by Dayan Jayatilleka
Here’s the way the current political discourse seems to me. In a swimming competition, a swimmer lagging behind accuses the one in front of taking steroids, while ignoring the fact that he is swimming with a weight attached by none other than himself, to his leg.
The swimmer who is accused of just having taken steroids (in the form of the 18th amendment) is the incumbent. The match referee (the Supreme Court) has cleared him, but doubts remain. Fair enough-- but it is stupid of the swimmer who is drowning, to complain about possible steroid abuse as a reason for failing in the competition, without removing the deadweight that is dragging him to the bottom of the pool! The drowning swimmer is the UNP-led opposition and the deadweight is the leadership of Ranil Wickremesinghe.
When I point that out, I am not merely trying to be fair by the lead swimmer but also to save the drowning one and thereby the entire competition.
The Opposition accuses Mahinda Rajapakse of attempting to prolong his incumbency. While this may or may not be true—and it usually is of incumbents, unless you are a George Washington or Nelson Mandela – the glaring irony is that there is one person who has prolonged his incumbency without even having been elected or having performed a huge national service by winning a great victory. That person is the leader of the very party and the larger parliamentary Opposition that accuses Mahinda Rajapakse of manoeuvring to remain in office! Rajapakse has been (elected, successful) leader of the country and the SLFP for only a third of the time that Ranil Wickremesinghe has been the (unelected, unsuccessful) leader of the UNP. Many of those who criticise Mahinda Rajapakse on the score of entrenchment, and seek regime change, do not criticise Wickremesinghe and seek regime change in the UNP. I find that in equal parts hypocritical and hilarious.
The UNP’s leadership survives because it is propped up by an inherited fortune and foreign patronage. Successive governments may love him as an opponent, but it is only Ranil’s leadership and his civil society solidarity committee that provide the anti-Sri Lankan external elements with a Southern partnership.
9/11 and the Great Terror
Few could have missed the worldwide television coverage of the emotional memorial ceremonies nine years after 9/11. How many 9/11s did we experience? The Central Bank bombing was only one. And our Thirty Years War ended only a year back. We have experienced but a year without the Great Terror visited upon us by the Tigers.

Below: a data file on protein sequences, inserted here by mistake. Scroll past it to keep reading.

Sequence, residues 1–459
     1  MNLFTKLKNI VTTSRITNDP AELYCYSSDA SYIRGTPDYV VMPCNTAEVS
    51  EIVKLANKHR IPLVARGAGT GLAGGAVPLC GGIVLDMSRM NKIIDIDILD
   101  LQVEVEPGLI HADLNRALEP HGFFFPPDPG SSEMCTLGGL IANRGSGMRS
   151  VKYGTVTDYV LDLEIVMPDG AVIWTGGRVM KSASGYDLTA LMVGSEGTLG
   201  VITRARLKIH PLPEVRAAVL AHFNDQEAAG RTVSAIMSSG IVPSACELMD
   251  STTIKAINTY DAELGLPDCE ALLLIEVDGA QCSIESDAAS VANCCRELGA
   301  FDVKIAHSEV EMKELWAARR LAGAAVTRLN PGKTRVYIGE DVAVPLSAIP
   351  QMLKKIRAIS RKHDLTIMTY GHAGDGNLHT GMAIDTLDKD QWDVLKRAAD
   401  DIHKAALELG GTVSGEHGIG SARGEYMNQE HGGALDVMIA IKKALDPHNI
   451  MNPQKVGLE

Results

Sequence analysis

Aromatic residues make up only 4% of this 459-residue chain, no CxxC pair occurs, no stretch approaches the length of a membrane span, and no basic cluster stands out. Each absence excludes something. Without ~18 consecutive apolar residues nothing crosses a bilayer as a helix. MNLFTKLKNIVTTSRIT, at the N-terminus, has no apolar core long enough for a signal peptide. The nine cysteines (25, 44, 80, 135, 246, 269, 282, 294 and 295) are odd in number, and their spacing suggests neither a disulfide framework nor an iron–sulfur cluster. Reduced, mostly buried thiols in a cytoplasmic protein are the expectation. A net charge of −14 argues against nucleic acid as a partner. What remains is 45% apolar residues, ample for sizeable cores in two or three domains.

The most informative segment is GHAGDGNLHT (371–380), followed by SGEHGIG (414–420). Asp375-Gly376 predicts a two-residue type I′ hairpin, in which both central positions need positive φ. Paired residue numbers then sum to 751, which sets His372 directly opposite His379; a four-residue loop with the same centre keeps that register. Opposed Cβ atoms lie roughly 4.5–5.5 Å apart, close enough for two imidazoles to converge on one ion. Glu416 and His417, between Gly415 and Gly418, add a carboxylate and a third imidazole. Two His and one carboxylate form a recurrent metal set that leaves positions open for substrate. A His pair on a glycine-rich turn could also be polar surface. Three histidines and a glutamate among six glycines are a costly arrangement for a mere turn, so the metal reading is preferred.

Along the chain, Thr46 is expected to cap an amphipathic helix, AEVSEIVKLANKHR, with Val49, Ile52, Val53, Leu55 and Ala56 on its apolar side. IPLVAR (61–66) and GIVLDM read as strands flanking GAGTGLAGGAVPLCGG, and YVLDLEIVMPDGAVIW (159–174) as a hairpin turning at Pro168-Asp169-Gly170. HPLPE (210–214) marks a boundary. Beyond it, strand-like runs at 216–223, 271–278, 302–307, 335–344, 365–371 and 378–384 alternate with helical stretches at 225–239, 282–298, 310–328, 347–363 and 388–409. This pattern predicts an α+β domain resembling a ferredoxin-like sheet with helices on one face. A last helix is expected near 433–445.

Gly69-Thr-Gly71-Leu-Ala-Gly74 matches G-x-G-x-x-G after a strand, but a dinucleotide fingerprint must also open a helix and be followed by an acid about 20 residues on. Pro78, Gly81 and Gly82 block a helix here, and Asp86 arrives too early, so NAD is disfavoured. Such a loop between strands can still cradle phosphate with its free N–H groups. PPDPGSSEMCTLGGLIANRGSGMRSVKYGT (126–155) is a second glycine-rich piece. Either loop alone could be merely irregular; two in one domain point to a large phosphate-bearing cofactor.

Some, like the admirably eloquent Mr Sumanthiran of the TNA, have yet to make as full length and full–on a critique of Prabhakaran and the Tigers as he did in parliament of Mahinda Rajapakse and the 18th amendment. Ok, forget ‘full-on’, couldn’t he mention the LTTE and its leader even once, in his passionate denunciation of the “nailing of the coffin of democracy”?
It is true that the regime’s ideologues play the anti-Tiger patriotic card to justify the 18th amendment, but that linkage is made not only by pro-18A but also anti-18A personalities. The Opposition which is hobbled by association with the LTTE (TNA) or appeasement of it (Ranil’s UNP), finds itself virtually impaled on the stake of un-patriotism by those like Prof Kumar David who draw a direct line of causation between the military victory and support for it on the one hand, and opposing both the military victory and the 18th amendment on the other. He writes:
“Such is the gravity of September 2010, an inexorable consequence of May 2009...I take no particular delight in rubbing it into my Sinhalese compatriots that, as surely as night follows day, when state power raises itself above society through victory in a racist civil war, its subsequent transformation into an instrument for the repression of its own people is a lesson that history has demonstrated many times. The psychological setting and balances of power fashioned by the overwhelming victory of the state over the LTTE is the backdrop to today’s march to dictatorship... "(‘Treachery what is Left of thy name’, Sunday Island Sept 12, 2010)
Well, if that’s the package, if that’s the retrospective identification and nexus, then Kumar David and his “Sinhala compatriots” are of one mind-- and whose arguments do you think the masses will go along with; which choice will they make?
Unlike the UNP, the TNA and their supportive intelligentsia, the JVP did stand against the Tigers, though they have yet to settle accounts with their own unrestrainedly savage attacks on democracy and democrats in 1986-89
The Post-18A Debate
Marx once said of Jeremy Bentham that “the incredible flatness of present day bourgeois society is best evidenced by the heights of its greatest intellects”. Luckily he never made the acquaintance of Sri Lankan intelligentsia based at home and in the Diaspora.
It is unsurprising that the commentariat which echoes Colombo’s chattering classes have so little resonance in the rest of the citizenry, its friends in the Diaspora and its international allies get Sri Lanka so wrong, and the Opposition is so pathetically weak ( thereby leaving incumbent administration has greater political hegemony than its quite considerable popularity warrants). Part of the reason is that they are so blinkered.
How else could my intervention in the 18th amendment debate be considered a defence of the 18th amendment? I could be reasonably accused of mounting a defence – though not uncritical – of the Sri Lankan state or/and the Mahinda Rajapakse presidency, but a defence of the amendment? C’mon folks, that’s as smart as accusing a medical specialist who provides a dissenting diagnosis and prognosis of a symptom or a malady, of defending the symptom or the malady!